The visions start to dissipate. Eventually I go back to the room but I can´t sleep for a long time. I barely sleep two hours but wake up with a lot of energy.

Two days later I watch the preparation of the ayahausca. Don Luis prepares ayahausca from plants that he cultivates in a sustainable manner on his property.

That night a group of five people from Quito arrive for a ceremony. Don Luis and I both agree to a smaller dose for me.

The ceremony is conducted as before. My first visions are of two fishes or snakes swimming in narrow pools in this giant hall like the baths in Budapest. Everything is in brilliant shades of red, yellow, and orange.

I walk by myself to the stool for the limpia. Instead of 2% in my body, I am more like 10% in my body with the lower dose. The images from the limpia seem familiar as if the same visions are reoccurring with the same songs as the first night. It is as if I am repeating the visions from the first night because I couldn’t remember them- something like a remedial course. I have a vision of a network of membranes or cells pulsating in a box-like structure. I have the distinct impression I am seeing my lungs or kidneys from the inside. Everything is in yellow or white and the cell walls dark red. The next vision is the most profound. During the cleansing when Don Luis plays the harmonica, the song is very sad. Suddenly I remember I had exactly this same experience with the harmonica the first night and had forgotten it. The song is sad because everything including myself is so limited and will pass. So this song is like a funeral song for me. But the song is making fun of me and my self-pity so it is not simply sad, but ironically sad like the proverbial violins. Everything is in purple with something sliding back and forth to the music with this bizarre pattern in the background. Later I have the impression of Don Luis putting something inside me by blowing into my head.

After I return to my seat, a huge thunderstorm brews up outside and serves as a backdrop to the rest of the ceremony. The visions diminish more rapidly with the smaller dose.

During the day we compare experiences and discuss with Don Luis. He tells me during the first night the goddess put two rose-colored diamonds in my head. He thinks the snakes in the pools are a good omen from the second night since his instruction came from the lagoon and his practice is based on its wisdom. I tell him about my thought that he put something inside me and he confirms that he put something in me to give me a control that I needed. He doesn’t elaborate about what sort of control it is.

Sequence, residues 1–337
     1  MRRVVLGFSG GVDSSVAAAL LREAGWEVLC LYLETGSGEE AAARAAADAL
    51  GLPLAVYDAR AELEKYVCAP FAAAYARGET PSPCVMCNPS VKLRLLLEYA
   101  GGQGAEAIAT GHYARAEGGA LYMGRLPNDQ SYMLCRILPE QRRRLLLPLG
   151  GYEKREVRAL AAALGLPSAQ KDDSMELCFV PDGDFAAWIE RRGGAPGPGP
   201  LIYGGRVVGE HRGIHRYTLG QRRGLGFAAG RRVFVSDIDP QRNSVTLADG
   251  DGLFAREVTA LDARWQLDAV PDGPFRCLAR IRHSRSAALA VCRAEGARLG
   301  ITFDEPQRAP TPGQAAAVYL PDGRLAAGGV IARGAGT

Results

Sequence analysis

My scientific side can’t resist analyzing the visions even as they seem so completely believable to me on their own terms. The scientific approach to non-normal cognition usually is to dismiss it or to reduce it to physiology or neurology. Take this quote from recent article: “Contrary to popular belief, research suggests that there is nothing paranormal about these experiences. Instead, near-death experiences are the manifestation of normal brain function gone awry, during a traumatic, and sometimes harmless, event.” (1) The authors go on to cite oxygen deprivation, release of noradrenaline in the mid-brain, and the brain’s attempt to make sense of unusual sensations and perceptions occurring during a traumatic event as possible causes of paranormal experiences.

Michael Persinger has similarly attributed experiences of UFOs and mysterious, sometimes alien, presences weak electromagnetic stimulation of the temporal lobe. He also notes the link between people having religious experience and temporal lobe epilepsy.

During the third ceremony, I follow the transition from no effect to effects. For a while after drinking nothing happens, then things start to become distorted and I sense things are changing, then the transition happens in a moment. Pop!. Suddenly the empty space in front of me becomes a room with blue walls, deep shadows, and faces on the walls. The wall connects to a hall that extends off into some seemingly infinite distance as in a Renaissance painting.

Don Luis sings and twirls something. I sense energy being projected from him in a spiral throughout the room as if I am seeing the sound of his song.

When I shut my eyes cartoon characters prance about. Suddenly a whole room of boats or canoes appears to my right.

During the cleansing, Don Luis appears in the darkness like a psychedelic man in a poster from the sixties. Lines and patterns are across his body, jaguar-like. The experience of the cleansing is different this time – no remedial work. When he says to close my eyes, I am inside of something like a pipe or tunnel, with yellow walls in sharp geometric shapes assembled at irregular angles. The walls seem to pulsate and move and they appear to be driven by creatures in the center of each plane. Each is a living creature with human like face and each seems to be owner and protector of its own wall or plane. However, the creatures have bizarre eyes and noses. They live in a world that is like it would be if our world were turned inside out (or maybe it is the reverse – we live in the inside out of their world).

After the cleansing, I lie down. I look at the ceiling and can see through it into the sky above. Then I am in a marsh and everywhere I look there are eyes through it observing me.

The effects dissipate and I return to my room. Hours pass before sleep comes but again I awake with energy.

What have I seen? Where have I been?

The latest reductionist argument is the phosphene argument. James Kent: